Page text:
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September 14, 2009

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Home » District » Nanhui

IT grad now rules the roost as Shanghai's 'King of Eggs'

AN IT grad returns to his humble village to raise chickens. Today he's crowing about it. Tan Weiyun unscrambles the tale.

Squawking chickens, crowing roosters, smelly droppings and tons of feed - that's what IT grad Gu Chengyong deals with every single day. But he's not squawking.

Gu, a Fudan University graduate majoring in information technology, could have had an easy, prestigious white-collar job and kept his hands clean in the big city. There were jobs aplenty seven years ago when he got out of school.

Instead, the Nanhui farmer's son decided to return to his remote birthplace in Liuzao Town to raise chickens and sell eggs, just like his father. His parents were appalled. That's not why they sent their bright boy to university.

Gu was determined, however, and today he rules the roost in the Shanghai egg market. He's the "King of Eggs" and the city's largest local egg supplier. A Qiang eggs have a 19-percent market share (the rest from other provinces).

He built up his dad's egg company - and injected his IT expertise - to improve efficiency and quality. And he has raised local farmers' income.

His clients include high-end hotels like Hilton and Shangri-La; bakery chain stores like Ganso and Christine; fast-food restaurants like McDonald's; supermarkets and convenient stores like Hualian and Kedi. He also exports to Hong Kong and Macau.

Every day Gu's company transports and sells around 1 million eggs in the city. His farm has 150,000 chickens that lay 100,000 eggs daily. He purchases another 850,000 eggs at a higher price from villages who are supervised by Gu's team of poultry managers. They ensure the quality of eggs, feed, chicken health and sanitary conditions.

"I always believed that farming would be a good place to start because I'm a farmer's son and have a special feeling for the village," Gu says.

Everyone was astonished by his decision to return to the village.

"My mother was strongly against my idea of returning. It was understandable because they had invested so much to send me into university so I could get a good job in the city - anything but a farmer with a meager income," Gu says.

Four years of study in the big city heightened his awareness of the wealth gap between urban and rural residents.

Young and ambitious

"I wanted to return to the village and see if I could make a difference with everything I had learned in university," he says.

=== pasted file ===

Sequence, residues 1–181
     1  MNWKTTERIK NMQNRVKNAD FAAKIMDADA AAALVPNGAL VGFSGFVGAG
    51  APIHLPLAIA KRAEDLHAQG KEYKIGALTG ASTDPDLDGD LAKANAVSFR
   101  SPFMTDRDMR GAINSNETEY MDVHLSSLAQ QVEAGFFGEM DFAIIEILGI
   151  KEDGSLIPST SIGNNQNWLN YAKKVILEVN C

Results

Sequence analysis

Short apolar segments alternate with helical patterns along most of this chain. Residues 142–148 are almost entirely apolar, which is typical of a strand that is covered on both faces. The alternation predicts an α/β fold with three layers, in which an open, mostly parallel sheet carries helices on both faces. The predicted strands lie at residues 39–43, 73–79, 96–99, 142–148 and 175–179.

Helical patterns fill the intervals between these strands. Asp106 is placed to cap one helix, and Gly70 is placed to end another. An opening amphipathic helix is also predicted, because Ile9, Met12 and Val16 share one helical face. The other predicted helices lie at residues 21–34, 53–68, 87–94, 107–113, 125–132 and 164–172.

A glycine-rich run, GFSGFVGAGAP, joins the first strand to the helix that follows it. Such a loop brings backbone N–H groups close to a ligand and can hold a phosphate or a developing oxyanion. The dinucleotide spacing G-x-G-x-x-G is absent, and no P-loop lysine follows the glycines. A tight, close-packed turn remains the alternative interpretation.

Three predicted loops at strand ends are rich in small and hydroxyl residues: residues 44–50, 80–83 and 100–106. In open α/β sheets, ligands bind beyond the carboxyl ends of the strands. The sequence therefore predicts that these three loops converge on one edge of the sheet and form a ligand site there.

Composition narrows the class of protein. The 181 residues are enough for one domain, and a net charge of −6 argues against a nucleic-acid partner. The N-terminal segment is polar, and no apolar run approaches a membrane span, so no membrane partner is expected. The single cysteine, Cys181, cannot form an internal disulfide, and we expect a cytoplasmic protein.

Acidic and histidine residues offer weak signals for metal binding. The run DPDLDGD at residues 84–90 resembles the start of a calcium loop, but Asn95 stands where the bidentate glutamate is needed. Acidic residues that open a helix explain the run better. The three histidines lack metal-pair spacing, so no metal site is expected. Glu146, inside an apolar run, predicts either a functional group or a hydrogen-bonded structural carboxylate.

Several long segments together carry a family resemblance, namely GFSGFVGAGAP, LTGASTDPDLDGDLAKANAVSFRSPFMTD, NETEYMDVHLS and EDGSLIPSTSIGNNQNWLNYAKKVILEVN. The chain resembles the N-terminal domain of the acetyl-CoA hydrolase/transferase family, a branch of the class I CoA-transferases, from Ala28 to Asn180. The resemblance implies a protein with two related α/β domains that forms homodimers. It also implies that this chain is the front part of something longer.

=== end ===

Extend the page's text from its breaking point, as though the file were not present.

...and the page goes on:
Gu set a three-year plan for himself: If he failed in the countryside, he would follow his parents' advice and find a boring office job.

"I didn't think too much. I was young, energetic and ambitious," he recalls.

He started in the hen house, learning from the ground up. He learned how to raise chickens, feed them, vaccinate them, collect eggs and sort them by type, size and weight. He drove his father's old truck around Shanghai to develop the market and find partners.

But as an IT major, Gu wanted to do more with what he had learned in university.

In 2003, he developed the "online egg quality research system," the first in Shanghai's agricultural produce market. Customers can check packaging and find out when and where eggs were laid, what kind of feed and water the chickens got and even the ID number of the poultry breeder.

This gave a great boost to sales volume and revenue. Sales jumped by 250 percent in the second half of 2003, compared with the same period the year before. The quality checking system meant Gu's company avoided the financial disaster to poultry breeders caused by bird flu that year.

He also devised a quality-checking system for vegetables, such as eggplant, cabbage and cucumber, which was raised in the vegetable-growing bases in Minhang and Jinshan districts in the annual agricultural fairs.

This greatly encouraged Gu. From the market research, he realized the importance of branding.

"It's a big deal to properly sell one small egg," he says. He carefully designed the packaging and ensured that the brand A Qiang was printed on each carton, box and shipment.

He sorted eggs by size, weight and quality, from ordinary eggs sold in bulk to the white-shell eggs (with more nutrition) and the "first nest" eggs. Prices range from 0.4-1.0 yuan (6-15 US cents) per egg, so customers have a lot of choice.

A "first nest" egg is the first egg a hen lays each day and it contains the most and best nutrition. These are recommended for children, pregnant women and the elderly. Each is sold for 1 yuan, 50 percent more than ordinary eggs. Thus, Gu makes an additional 350,000 yuan a year on these special eggs.

The local government gave a lot of support to Gu and gave his company 10 million yuan to introduce a production line of automatic egg sorting from Europe, which greatly improved efficiency.

His company has 110 employees and is a back-up producer of eggs for World Expo 2010 Shanghai.

But Gu is hatching more plans. He aims to become a leading egg products manufacturer, producing whole egg powder, egg yolk powder, egg white powder and heat-stable egg yolk powder. Most Chinese biscuit makers such as Master Kong and Nissin Foods import the powder from Europe and Japan. Only three Chinese enterprises produce them.

"It has lots of potential and the market is huge," Gu says.

Though he is a successful farmer and businessman, Gu still feels a little lonely and a bit left behind by his fellows in the big city.

"I'm old fashioned and uninformed now," he says. "But I'm doing the right thing. I've achieved my three-year plan and raised farmers' income.

"You have to lose something to gain something more important. And you can't make an omelette without breaking eggs."


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